“There is no caste amongst Muslims. Islam does not permit such discrimination”.
These words, quoted here from Shivam Vij’s excellent report, are of an upper caste Muslim in an East Champaran village. These can be the words only of someone who belongs to the upper caste, because s/he does not have to face the everyday violence and exploitation that those from lower castes have to, even though purportedly ‘Islam does not permit such discrimination’. This is not unlike caste amongst Sikhs and Christians. Why should reservation not be extended to these communities?
Similarly, Mohammed Hanif’s new novel ‘Our Lady of Alice Bhatti’ brings to the surface the lifeworlds of the ‘Choohra’ community of Karachi. The protagonist’s father–contradictorily, a devout Christian who heals stomach ulcers by chanting some ‘Musla’ prayers–is a municipal gutter cleaner. Joseph Bhatti, however, is an unapologetic Choohra, which reminds one of the cultural forms being given shape by young, upwardly mobile lower caste Sikhs, as is seen in new music videos such as this.
Alice though manages to be trained as a nurse and works in a charitable hospital with conditions that we in Delhi are intimately aware of, even though between CGHS and the Sixth Pay Commission we ourselves may not encounter them anymore: overflowing OPDs, paan stains on the walls, hundreds gathered by the entry either waiting for the visiting hours or their own turn for surgeries they may never survive, and doctors who are more interested in attending to briefcase carrying pharmaceutical representatives than sick bodies. Like her father Alice then is a Choohra healer, even though the path she takes is allopathic. To make matters worse for Alice, she is also a woman, and one who is altogether not physically unattractive:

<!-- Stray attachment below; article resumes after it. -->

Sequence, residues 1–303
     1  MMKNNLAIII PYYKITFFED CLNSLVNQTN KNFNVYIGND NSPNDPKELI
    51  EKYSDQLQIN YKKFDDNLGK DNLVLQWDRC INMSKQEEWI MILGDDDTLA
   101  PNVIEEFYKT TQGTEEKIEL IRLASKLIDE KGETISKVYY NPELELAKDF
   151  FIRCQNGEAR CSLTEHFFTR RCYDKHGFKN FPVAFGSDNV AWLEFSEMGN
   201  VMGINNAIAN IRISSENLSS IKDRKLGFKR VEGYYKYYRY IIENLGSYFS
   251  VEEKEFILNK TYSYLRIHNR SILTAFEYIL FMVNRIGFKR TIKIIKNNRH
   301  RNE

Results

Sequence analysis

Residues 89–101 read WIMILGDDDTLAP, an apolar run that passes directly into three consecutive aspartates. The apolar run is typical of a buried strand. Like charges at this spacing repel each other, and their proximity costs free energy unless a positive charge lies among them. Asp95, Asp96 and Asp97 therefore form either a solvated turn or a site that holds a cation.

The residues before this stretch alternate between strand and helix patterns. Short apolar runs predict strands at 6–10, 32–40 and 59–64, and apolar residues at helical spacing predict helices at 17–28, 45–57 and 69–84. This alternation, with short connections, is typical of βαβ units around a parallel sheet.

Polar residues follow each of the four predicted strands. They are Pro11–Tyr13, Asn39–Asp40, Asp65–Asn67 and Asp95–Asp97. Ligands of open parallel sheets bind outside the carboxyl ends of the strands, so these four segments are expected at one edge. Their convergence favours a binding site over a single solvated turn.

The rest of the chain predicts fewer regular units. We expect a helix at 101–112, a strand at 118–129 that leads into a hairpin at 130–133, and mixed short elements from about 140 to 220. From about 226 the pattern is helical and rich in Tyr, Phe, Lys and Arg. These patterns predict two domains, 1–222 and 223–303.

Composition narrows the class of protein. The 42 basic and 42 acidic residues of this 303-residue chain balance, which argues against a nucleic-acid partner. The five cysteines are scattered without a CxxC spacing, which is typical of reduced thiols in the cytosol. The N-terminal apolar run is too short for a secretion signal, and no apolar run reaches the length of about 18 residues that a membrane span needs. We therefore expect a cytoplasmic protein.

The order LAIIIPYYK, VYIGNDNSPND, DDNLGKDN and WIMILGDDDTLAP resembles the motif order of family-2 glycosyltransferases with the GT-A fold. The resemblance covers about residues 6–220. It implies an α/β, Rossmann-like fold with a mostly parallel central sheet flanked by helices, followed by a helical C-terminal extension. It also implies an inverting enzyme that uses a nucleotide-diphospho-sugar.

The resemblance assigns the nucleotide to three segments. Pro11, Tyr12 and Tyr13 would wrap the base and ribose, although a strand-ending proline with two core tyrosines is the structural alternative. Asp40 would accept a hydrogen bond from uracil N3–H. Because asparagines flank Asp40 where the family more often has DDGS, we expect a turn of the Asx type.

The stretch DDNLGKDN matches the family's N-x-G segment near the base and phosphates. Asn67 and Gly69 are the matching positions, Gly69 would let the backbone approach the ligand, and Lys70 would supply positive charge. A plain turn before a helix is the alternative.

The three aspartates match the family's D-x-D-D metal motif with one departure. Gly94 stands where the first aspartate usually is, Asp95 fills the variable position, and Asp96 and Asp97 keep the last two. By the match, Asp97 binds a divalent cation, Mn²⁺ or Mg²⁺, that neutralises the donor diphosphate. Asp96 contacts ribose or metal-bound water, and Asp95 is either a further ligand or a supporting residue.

“Some people do not want to drink from the same glass that she has drunk from…She can live with being an untouchable, but she desperately hopes for the only privilege that comes with being one. That people won’t touch her without her explicit permission…she doesn’t want to be the kind of girl who is groped on buses, poked in service kitchens…who cannot walk a block without giving people the idea that she should be travelling blindfolded in a car boot.”
This compelling and disturbing–though also somewhat disorienting–novel is composed of incisive passages like this. Only a few weeks back I had mentioned to a friend that I was getting tired with the new Pakistani novel in English because even though stories were different, the milieu was essentially the same, i.e. the lives of the globetrotting Karachi and Lahore elite (see novels by Mohsin Hamid and Kamila Shamsie, for example). ‘Our Lady of Alice Bhatti’ is significant because it widens the horizon of characters and situations that have thus far peopled the works of these young sharpshooters from Pakistan.